Chandlee takes top sales job at Facebook

Facebook has hired Yahoo! UK and Ireland commercial director Blake Chandlee as its UK sales director and first employee outside the US.

Chandlee resigned from Yahoo! late last week, as revealed exclusively on Mediaweek.co.uk, to lead the UK operation of the burgeoning social network, based at its office in Soho, London.

He is understood to be taking some time off before starting at Facebook.

Chandlee's role will be to build the UK sales team and work directly with advertisers and agencies to develop commercial opportunities on the site, according to sources.

In a statement, Yahoo! said: "Blake Chandlee has decided to leave Yahoo! UK & Ireland. We are already in the process of recruiting his replacement. In the interim, Glen Drury, vice-president Northern Europe, and Javier Zapatero, vice-president of sales for Europe, will assume direct responsibility for our UK media sales operations.

"Together with a world class media sales team, Yahoo! is in a strong position to drive the further growth of its UK sales operations."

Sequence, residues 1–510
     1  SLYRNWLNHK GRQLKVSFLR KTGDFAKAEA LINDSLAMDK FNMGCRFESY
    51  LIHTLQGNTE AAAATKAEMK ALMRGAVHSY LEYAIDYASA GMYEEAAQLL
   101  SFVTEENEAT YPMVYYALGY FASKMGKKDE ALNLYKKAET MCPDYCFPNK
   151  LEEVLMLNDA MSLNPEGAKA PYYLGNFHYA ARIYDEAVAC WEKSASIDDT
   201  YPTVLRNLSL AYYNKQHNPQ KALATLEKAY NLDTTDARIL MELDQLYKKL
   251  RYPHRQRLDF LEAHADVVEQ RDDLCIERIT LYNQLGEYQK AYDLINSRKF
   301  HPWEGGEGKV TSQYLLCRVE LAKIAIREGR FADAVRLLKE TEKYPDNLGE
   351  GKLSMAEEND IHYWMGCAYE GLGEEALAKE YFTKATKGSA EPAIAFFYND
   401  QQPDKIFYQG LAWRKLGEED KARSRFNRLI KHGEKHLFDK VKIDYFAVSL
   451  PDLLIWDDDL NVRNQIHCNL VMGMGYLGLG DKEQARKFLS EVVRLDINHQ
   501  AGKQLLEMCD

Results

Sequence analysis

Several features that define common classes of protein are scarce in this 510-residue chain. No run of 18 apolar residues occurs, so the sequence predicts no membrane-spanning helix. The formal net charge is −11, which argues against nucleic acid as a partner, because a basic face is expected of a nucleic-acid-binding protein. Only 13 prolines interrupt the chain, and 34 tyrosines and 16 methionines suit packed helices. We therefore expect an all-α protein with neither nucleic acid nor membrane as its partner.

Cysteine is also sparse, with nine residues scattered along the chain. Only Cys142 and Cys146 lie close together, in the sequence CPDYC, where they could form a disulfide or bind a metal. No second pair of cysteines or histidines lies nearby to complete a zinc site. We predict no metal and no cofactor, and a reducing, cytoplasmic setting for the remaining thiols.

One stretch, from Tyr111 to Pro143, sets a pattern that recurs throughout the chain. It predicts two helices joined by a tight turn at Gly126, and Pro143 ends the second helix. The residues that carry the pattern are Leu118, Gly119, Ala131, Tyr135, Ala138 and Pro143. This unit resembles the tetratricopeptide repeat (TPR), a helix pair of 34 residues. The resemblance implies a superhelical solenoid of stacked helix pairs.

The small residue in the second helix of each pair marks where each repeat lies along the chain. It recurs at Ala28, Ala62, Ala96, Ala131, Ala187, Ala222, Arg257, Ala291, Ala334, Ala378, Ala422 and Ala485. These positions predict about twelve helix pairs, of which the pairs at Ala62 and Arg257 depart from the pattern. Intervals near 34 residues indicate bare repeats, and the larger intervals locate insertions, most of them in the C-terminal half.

Yahoo! hired Chandlee as category development officer for consumer packaged goods in October 2003, before promoting him to commercial director for UK and Ireland in 2005.

It is believed that Chandlee is keen to work for an emerging brand and Facebook fits the bill, having yet to take commercial advantage of its dominant position in the UK marketplace.

Facebook has enjoyed a high rate of growth this year and August saw it overtake MySpace as the most popular social network in the UK, according to research firm Nielsen//NetRatings.

Facebook attracted 6.5 million unique users in August 2006 compared to MySpace's 6.4 million, Nielsen//NetRatings revealed.

Facebook is also believed to have hired Netanel Jacobsson as director of international business development, also based in London. Jacobsson, a director at Beijing-based web browser Maxthon, knows the internet industry, having worked in business development at AOL.

Facebook was set up by Mark Zuckerberg in February 2004 as a networking site for students, but it is in the last 12 months that the social network has enjoyed rapid growth, having scrapped its student-only policy in September 2006.

Microsoft supplies ad listings and search for Facebook in the US, but no such deal has been struck in the UK.

Chandlee and Facebook were not available for comment as Media Week went to press.

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